Best Welsh Songs | Classical music

Wales is justifiably proud of its singing heritage. The song, both religious and secular, is hugely important to Welsh culture – it’s not for nothing that it’s often known as the Land of Song. In particular, choral music is an essential part of the country’s musical repertoire, with many of the world famous Welsh choirs.

Here are some of the best known and most loved traditional Welsh songs.

The best Welsh songs

“We’ll keep a welcome (in the hills)”

The music for this popular song was composed in 1940 by Welsh songwriter and artist Mai Jones, while the lyrics came from lyricists Lyn Joshua and Jimmy Harper. Originally introduced for the BBC’s wartime radio variety show Welsh Rare Bitthe song has retained strong associations with Wales.

Originally broadcast on the BBC Forces programme, Welsh Rare Bit was aimed at Welsh serving in the armed forces during the Second World War. We will keep a welcome was written as closing music for each episode.

Welsh Rare Bit was then transferred to the BBC Light programme, where it became the most popular show in 1949. We will keep a welcome quickly became a popular post-war song: indeed, in the 1950s the song was sometimes referred to as “the second national anthem of Wales”.

The song got its first and second recordings in 1949. Later, in 1956, the great Welsh singer, present and comedian Harry Secombe also recorded a version.

‘Sosban Fach’ (‘Small Casserole’)

A traditional Welsh folk song, Sosban-Fach (or ‘Little Saucepan’) is a well-known and much-loved Welsh-language song. A domestic vignette involving an overworked housewife, a crying baby and a small pot boiling over the fire, the song has close associations with rugby club Llanelli RFC and, more recently, regional rugby team the Scarlets.

These links emerged through Llanelli’s tinning industry: generations of pans and other kitchen utensils were tinned in the town and then sold to the British public. The town’s industry and its most famous song are also remembered in the Scarlets’ official magazine, Sosban.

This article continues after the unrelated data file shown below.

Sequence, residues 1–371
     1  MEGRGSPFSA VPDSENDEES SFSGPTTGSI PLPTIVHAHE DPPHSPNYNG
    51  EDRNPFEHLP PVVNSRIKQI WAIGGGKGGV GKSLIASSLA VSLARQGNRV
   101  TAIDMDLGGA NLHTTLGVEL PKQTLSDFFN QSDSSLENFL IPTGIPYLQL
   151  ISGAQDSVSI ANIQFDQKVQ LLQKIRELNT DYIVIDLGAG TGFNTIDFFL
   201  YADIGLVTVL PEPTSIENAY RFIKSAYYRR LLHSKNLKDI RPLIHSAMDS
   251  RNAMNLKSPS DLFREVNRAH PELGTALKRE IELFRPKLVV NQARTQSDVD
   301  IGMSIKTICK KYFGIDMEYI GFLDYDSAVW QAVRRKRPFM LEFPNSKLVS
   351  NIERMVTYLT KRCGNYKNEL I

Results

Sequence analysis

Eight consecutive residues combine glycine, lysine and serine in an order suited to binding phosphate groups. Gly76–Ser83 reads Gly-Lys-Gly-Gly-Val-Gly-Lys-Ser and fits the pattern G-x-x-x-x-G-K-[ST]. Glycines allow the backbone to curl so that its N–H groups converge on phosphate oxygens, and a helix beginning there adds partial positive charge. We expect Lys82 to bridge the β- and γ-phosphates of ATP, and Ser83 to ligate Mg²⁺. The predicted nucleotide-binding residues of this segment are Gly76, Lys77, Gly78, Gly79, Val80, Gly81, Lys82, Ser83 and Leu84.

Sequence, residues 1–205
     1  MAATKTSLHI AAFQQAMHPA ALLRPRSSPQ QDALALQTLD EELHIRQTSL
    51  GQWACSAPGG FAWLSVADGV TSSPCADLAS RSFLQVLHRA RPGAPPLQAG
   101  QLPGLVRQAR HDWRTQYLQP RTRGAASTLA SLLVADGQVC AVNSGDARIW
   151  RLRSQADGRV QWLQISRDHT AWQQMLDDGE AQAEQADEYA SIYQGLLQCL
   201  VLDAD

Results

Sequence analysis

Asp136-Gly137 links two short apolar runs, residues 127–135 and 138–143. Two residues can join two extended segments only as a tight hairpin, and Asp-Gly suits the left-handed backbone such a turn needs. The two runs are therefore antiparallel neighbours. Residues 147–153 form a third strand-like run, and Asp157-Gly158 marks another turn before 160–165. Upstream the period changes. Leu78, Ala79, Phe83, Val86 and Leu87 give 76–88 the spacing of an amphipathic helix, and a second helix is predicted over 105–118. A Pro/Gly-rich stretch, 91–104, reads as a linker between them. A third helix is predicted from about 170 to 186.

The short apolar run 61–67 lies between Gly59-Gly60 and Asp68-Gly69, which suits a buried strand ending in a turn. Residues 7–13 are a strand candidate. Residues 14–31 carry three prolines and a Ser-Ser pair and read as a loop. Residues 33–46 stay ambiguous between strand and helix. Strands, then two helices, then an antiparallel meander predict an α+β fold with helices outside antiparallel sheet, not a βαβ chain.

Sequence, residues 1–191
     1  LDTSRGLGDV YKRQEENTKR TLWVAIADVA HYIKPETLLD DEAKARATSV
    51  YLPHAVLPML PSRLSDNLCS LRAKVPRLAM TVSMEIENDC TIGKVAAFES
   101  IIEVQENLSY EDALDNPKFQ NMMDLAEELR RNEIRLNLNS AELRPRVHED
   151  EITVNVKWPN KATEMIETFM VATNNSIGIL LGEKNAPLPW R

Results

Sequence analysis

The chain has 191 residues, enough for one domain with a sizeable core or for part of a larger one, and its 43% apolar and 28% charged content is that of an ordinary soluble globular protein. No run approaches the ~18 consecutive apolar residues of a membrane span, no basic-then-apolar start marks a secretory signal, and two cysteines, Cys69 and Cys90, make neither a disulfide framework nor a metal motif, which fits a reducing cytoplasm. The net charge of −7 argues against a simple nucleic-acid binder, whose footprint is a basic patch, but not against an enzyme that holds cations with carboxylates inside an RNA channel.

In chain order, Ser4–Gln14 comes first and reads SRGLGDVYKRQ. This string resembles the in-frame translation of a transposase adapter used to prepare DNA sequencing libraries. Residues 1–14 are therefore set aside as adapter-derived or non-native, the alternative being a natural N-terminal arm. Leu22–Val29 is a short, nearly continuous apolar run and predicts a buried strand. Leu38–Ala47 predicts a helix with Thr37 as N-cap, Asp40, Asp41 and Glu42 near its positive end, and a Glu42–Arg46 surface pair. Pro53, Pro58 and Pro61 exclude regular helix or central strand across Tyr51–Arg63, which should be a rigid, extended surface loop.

Famous Welsh bass-baritone Bryn Terfel recorded the song on his 2000 album We will keep a welcome.

‘Hen Wlad Fy Nhadau’ (‘Land of my fathers’)

Often referred to as the unofficial national anthem of Wales, this ‘Land of my fathers’ has a strong family bond. The lyrics were written by Pontypridd-based poet Evan James and set to a tune composed by his son, composer and harpist James James.

The latter, who also found time to hold a cabaret, originally composed the piece as a dance tune. It was originally intended to be played in 6/8 time, but was slowed down to a 3/4 tempo when it became an anthem to be sung by large crowds.

We named ‘Land of my fathers’ from the best rugby songs of all time

‘Ar Lan y Môr’ (‘At the seaside’)

This traditional Welsh folk song exists in different forms, with different lyrics. In all variants, however, the melody remains the same. The subject too: “Ar Lan y Môr” is a love song that also evokes the beautiful Welsh countryside.

This is another traditional Welsh song to feature on Bryn Terfel’s album We will keep a welcome: it is also present on the first album of the Welsh mezzo-soprano Katherine Jenkins, 2004’s First.

“The Men of Harlech”

This famous song and military march is believed to be a description of the seven-year siege of Harlech Castle during the Wars of the Roses. The imposing 13th century castle was held by the Lancastrians against the Yorkists and, under Constable Dafydd ap Ieuan, the garrison withstood the longest known siege in British history. Indeed, another name for the song is “Through Seven Years”.

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There may also be links to an earlier siege of Harlech when, around 1408, the Welsh chieftain Owain Glyndŵr withstood an attack by the future King Henry V of England.

Men of Harlech‘ has featured in two well-known films: the 1941 film How green my valley was and Zulufrom 1964.

‘Dafydd y Garreg Wen’ (‘David of the White Rock’)

David Owen (1712-1741), harpist and composer from Caernarfonshire, is believed to have composed the tune for this haunting traditional Welsh song. Owen was locally known as Dafydd and Garreg Wen (“David of the White Rock”), after the name of the farm where he lived.

It is believed that Owen, on his deathbed at the age of just 29, asked for his harp and composed the melody. The words were added a century later by the poet John Ceiriog Hughes (1832-1887).

‘Dafydd y Garreg Wen’ is another Welsh song with a unique distinction in history. When, in 1923, the BBC made its first broadcast from Wales, singer Mostyn Thomas opened the program – with a rendition of “David of the White Rock”. The song thus became the first-ever Welsh-language song to hit the airwaves.

Interpretations of the song are often accompanied by a harp – an important instrument in the musical heritage of Wales.

“My Little Welsh House”

“I dream of the mountains of my home”: thus begin the words of this nostalgic folk song by musician and composer William Sidney Gwynn Williams (1896-1978). Williams also played a major role in founding the Llangollen International Eisteddfod in 1947: indeed, he became the first musical director of the festival.

Main image: Getty Images

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